The Ontario’s Coroner’s Office will hold an inquest into the death of Absar Chaudhry, an officer cadet who passed away in November while studying at the Royal Military College. Chaudhry’s family requested a discretionary inquest after being told in the spring that his death was a suicide. The sources explain that a discretionary inquest would enable the family to participate in the process and would provide the public with an “open and full hearing of the circumstances of a death.” A joint statement issued by the Department of National Defence and the Canadian Armed Forces said that they “welcome any additional review that would aid in finding the causes” of Chaudhry’s death. The Globe reports that the coroner’s inquest will increase scrutiny of RMC at a time when there are discussions about the college’s future.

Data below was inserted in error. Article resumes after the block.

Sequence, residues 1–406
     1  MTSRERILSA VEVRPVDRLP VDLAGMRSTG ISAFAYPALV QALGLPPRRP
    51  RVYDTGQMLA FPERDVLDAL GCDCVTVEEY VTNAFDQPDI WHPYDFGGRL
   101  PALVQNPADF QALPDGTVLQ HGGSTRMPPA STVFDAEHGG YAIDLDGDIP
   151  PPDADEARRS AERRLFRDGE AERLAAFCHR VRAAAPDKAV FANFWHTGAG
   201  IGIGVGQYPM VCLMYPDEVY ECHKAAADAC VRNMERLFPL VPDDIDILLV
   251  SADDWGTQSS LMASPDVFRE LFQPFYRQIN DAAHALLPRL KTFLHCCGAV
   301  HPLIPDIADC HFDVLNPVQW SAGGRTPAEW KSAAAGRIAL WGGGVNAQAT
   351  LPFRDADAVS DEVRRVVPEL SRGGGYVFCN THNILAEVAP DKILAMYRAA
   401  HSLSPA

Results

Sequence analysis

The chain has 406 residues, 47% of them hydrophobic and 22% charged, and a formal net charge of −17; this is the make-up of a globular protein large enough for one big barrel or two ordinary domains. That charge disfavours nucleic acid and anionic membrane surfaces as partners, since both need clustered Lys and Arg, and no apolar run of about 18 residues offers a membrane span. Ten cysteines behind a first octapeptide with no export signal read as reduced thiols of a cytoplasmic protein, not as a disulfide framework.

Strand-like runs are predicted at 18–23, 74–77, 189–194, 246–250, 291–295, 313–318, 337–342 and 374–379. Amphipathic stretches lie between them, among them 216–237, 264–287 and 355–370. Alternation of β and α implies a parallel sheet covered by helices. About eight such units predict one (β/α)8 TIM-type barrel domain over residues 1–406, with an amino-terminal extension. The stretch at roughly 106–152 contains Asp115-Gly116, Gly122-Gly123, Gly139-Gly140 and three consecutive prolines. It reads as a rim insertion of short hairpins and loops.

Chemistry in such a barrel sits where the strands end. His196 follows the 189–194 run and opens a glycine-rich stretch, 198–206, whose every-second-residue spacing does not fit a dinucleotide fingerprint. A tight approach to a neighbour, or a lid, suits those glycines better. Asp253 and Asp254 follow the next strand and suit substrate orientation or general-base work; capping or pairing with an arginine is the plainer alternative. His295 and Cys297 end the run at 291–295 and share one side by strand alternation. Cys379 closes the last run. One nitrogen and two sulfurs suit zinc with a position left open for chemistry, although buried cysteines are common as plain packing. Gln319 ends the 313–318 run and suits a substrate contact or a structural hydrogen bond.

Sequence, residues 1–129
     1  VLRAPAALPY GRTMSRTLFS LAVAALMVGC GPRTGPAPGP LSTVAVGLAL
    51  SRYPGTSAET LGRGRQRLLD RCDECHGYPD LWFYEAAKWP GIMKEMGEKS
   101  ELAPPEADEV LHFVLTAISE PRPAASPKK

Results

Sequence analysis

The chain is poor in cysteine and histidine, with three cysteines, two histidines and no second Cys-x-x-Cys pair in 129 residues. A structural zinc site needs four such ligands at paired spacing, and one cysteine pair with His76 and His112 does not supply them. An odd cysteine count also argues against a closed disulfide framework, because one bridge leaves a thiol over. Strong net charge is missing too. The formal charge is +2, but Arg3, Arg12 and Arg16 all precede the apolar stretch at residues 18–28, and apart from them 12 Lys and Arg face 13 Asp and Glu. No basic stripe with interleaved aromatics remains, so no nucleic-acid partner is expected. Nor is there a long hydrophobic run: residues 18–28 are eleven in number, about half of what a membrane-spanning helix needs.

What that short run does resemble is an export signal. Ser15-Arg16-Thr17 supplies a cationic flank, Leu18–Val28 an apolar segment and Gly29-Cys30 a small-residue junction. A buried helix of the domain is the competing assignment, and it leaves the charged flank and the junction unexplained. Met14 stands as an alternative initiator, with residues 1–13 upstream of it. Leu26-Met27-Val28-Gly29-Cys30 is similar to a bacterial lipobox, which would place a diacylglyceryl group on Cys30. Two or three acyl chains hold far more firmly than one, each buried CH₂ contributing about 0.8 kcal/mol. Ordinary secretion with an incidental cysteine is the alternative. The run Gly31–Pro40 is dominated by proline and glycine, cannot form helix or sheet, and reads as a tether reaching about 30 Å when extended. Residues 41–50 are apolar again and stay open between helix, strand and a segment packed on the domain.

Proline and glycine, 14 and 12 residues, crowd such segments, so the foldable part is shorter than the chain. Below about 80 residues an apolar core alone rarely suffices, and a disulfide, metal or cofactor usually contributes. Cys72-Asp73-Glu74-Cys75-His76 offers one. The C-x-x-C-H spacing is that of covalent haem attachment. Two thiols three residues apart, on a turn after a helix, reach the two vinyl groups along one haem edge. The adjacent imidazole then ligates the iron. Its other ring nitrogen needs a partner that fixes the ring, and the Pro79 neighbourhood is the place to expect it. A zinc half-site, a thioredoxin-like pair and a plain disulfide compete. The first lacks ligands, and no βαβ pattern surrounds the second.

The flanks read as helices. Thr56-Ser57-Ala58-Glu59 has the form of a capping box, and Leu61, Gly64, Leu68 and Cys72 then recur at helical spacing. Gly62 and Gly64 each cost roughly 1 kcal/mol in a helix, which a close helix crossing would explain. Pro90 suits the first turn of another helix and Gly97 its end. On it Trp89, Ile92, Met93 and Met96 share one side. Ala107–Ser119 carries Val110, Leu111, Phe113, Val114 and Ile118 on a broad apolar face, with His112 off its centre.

In a new study , a group of researchers from the University of Newcastle explored the impact of gender-based violence on students’ experiences of higher education. Drawing on a survey and in-depth interviews with students who experienced gender-based violence, the researchers found that gender-based violence can have “profound and ongoing impacts” on students’ experience of and participation in higher education. They also found that feelings of not belonging and shame, the sector’s “silencing” of gender-based violence, and institutional misrecognition made it difficult for students to communicate their experiences and get help. The authors conclude by noting that it is crucial to understand and recognize the complex impact of gender-based violence on the student experience as part of a broader commitment to gender equity.